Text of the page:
Alhama (Andalusia)

by Georg Braun and Frans Hogenberg

Detail

Date of first map: 1575

Date of this map:  1575

Dimensions (without margins): 34 x 46 cm

Dimensions (including margins): 41,5 x 52,5 cm

Condition:  Very good copper engraving. Sharp printing. Centre fold as published.  Wide margins. Small professional repair at back (bottom in margin).

Condition rating: A+

Verso: text in Latin

Map reference: Van der Krogt 4, 84, State 1; Taschen, Braun and Hogenberg, p.199.

From: Civitates Orbis Terrarum, Part 2: De Praecipuis, Totius Universi Urbibus, Liber Secundus. Köln, Gottfried von Kempen, 1593. (Van der Krogt 4, 41:1.2)

 

 

 

 

Item number:
45010
Region:
Europe
Spain & Portugal
Categories:
Recent Additions
Price (without VAT): 400,00 (FYI +/- $472,00 / £356,00)
We charge the following expedition costs in euro: 
– Benelux: 20 euro
– Rest of Europe: 30 euro
– Rest of the World: 50 euro

In stock

Alhama commented by Braun

“Alhama is not the least of Spain’s cities and is seven miles away from the splendid city of Granada. […] The city and its surroundings have been richly endowed by nature: considering its fertile soil, high mountains, walleys and rivers, this place lacks nothing. And yet all these gifts are far surpassed by the warm baths that spring up there […]. These baths are considered, not unjustly, one of the most amazing wonders in the whole of Spain.”

Taschen on Alhama

The engraving shows a dramatic rocky landscape in front of the city, which is embedded in the Valley of the Marchan. In the foreground the road to Granada can be seen. The Spanish city of Alhama de Granada is still known for its baths today. It was the Romans who discovered the hot springs and built the first thermal bath in the town, which was known then as Artigi. In the 8th century the Moors conquered the Tolosan Kingdom of the Visigoths and gave Artigi the new name Alhama, derived from the Arabic word al-hamma meaning “hot water”. After the end of the Reconquista in the 15th century, Alhama de Granada became a popular destination of the Spanish nobility. Alhama is in the southwest of the province of Granada and is enclosed by the Alhama River. (Taschen)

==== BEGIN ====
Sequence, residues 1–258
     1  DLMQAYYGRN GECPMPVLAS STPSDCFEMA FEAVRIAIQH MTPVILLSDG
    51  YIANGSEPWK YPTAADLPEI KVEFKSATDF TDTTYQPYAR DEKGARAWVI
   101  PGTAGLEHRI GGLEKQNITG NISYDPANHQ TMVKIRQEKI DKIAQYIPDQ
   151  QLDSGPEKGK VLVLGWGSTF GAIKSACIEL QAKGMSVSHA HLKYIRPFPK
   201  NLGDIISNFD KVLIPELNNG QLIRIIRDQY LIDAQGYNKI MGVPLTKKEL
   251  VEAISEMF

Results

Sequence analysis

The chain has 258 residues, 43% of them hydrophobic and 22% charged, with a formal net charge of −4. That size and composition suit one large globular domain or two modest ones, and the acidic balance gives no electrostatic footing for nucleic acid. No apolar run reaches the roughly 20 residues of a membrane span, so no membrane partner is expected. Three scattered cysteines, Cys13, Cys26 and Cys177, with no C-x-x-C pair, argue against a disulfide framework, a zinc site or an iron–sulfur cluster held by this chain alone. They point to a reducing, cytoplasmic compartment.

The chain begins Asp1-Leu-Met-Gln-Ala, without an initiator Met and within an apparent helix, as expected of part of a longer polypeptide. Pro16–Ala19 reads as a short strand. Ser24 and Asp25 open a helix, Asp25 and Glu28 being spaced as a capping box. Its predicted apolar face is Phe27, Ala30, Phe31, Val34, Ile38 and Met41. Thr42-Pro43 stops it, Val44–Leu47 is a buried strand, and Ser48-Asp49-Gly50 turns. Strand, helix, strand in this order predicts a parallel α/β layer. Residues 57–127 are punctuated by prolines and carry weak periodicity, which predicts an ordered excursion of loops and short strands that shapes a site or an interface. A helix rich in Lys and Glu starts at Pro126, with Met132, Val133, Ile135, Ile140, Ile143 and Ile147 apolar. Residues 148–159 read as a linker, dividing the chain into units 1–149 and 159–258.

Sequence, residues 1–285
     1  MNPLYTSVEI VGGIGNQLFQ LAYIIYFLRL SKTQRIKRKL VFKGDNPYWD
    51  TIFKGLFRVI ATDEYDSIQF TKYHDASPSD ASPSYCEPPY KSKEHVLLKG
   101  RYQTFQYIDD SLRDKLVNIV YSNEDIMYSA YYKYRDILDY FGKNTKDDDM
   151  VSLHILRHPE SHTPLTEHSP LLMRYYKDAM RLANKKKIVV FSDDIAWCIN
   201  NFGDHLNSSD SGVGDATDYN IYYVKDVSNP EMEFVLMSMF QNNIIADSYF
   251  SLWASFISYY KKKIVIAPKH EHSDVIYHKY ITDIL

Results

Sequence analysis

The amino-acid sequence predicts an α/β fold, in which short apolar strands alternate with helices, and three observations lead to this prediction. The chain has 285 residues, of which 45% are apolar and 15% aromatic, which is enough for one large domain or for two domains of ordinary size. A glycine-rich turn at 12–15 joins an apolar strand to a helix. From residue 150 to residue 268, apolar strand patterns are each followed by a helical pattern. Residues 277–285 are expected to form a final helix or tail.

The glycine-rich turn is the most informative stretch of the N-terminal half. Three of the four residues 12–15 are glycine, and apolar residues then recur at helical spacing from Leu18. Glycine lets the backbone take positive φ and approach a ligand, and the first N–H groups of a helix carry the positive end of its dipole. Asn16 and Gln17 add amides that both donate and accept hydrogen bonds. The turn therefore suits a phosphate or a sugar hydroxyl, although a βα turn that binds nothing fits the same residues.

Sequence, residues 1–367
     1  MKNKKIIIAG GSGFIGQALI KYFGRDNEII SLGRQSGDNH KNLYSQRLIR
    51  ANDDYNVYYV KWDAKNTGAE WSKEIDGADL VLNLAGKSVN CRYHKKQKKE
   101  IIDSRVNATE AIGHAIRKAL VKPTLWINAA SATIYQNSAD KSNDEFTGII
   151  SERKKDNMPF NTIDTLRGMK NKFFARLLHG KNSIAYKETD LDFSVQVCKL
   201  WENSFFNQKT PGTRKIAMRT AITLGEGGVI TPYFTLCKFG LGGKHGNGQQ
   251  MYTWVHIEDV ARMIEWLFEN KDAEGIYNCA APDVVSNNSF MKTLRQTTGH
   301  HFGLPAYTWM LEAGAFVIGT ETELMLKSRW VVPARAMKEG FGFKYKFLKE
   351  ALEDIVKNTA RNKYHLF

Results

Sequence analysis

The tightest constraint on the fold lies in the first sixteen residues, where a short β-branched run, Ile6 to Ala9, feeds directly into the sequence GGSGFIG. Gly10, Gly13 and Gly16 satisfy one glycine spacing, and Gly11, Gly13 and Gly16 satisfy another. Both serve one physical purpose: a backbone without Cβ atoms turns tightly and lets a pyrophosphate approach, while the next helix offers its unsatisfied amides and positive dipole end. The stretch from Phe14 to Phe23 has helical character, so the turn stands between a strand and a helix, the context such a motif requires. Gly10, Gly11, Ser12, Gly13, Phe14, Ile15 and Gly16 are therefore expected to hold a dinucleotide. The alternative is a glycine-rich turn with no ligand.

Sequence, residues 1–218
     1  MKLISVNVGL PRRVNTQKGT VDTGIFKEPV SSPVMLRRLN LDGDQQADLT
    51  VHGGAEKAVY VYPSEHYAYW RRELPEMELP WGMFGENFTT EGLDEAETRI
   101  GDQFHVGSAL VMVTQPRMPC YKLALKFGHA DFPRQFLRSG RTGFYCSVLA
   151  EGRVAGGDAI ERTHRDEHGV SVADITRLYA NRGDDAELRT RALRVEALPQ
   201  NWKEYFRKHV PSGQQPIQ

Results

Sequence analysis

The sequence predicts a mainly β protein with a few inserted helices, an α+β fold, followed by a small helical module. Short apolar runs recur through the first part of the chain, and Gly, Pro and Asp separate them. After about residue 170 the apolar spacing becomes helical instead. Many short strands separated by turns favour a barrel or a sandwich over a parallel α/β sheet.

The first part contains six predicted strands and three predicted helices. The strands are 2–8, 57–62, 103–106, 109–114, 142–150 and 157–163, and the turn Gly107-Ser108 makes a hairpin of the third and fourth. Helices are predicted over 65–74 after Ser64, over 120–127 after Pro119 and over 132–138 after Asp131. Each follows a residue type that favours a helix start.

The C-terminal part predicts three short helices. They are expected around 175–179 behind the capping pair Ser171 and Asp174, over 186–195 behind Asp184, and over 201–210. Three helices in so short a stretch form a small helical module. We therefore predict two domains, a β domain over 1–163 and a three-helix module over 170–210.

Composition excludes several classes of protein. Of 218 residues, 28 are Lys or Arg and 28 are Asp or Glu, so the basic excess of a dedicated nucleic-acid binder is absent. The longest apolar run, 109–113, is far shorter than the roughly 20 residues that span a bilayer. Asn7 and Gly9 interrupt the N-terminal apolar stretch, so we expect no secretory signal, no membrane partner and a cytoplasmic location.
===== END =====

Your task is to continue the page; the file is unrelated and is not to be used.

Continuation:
Alhama

A bird’s-eye view of the small town of Alhambra, southwest of Granada, drawn by George Hoefnagel in 1563 (mnentioned at bottom). The town is shown across a valley in a mountainous countryside.

Typically, local inhabitants are shown in the foreground, lending cultural interest to this interesting topographical image. The town derives its name from the Arabic word al-hamma meaning “hot water”.
There is clear evidence that the Romans used the hot springs located near the town. In the 8th century the Moors conquered the Tolosan Kingdom of the Visigoths and gave Artigi the new name Alhama.  After the end of the Reconquista in the 15th century, Alhama de Granada became a popular destination of the Spanish nobility. Alhama is in the southwest of the province of Granada and is enclosed by the Alhama River.

The view shows a dramatic rocky landscape in front of the city, which is embedded in the Valley of the Marchan. In the foreground the road to Granada can be seen. The Spanish city of Alhama de Granada is still known for its baths today. It was the Romans who discovered the hot springs and built the first thermal bath in the town, which was known then as Artigi., derived from the Arabic word al-hamma meaning “hot water”. After the end of the Reconquista in the 15th century, Alhama de Granada became a popular destination of the Spanish nobility. Alhama is in the southwest of the province of Granada and is enclosed by the Alhama River.

Alhama with its mountainous countryside

The Civitates Orbis Terrarum

Being the greatest publication in its genre, the Civitates Orbis Terrarum, was compiled and written by George Braun, Canon of Cologne Cathedral. Braun gathered together vast amounts of information and draft plans to produce over 500 city views/maps published in six parts between 1572 and 1617.

Most of these engravings were made by Simon Novellanus and Frans Hogenberg, many after drawings by Joris Hoefnagel.

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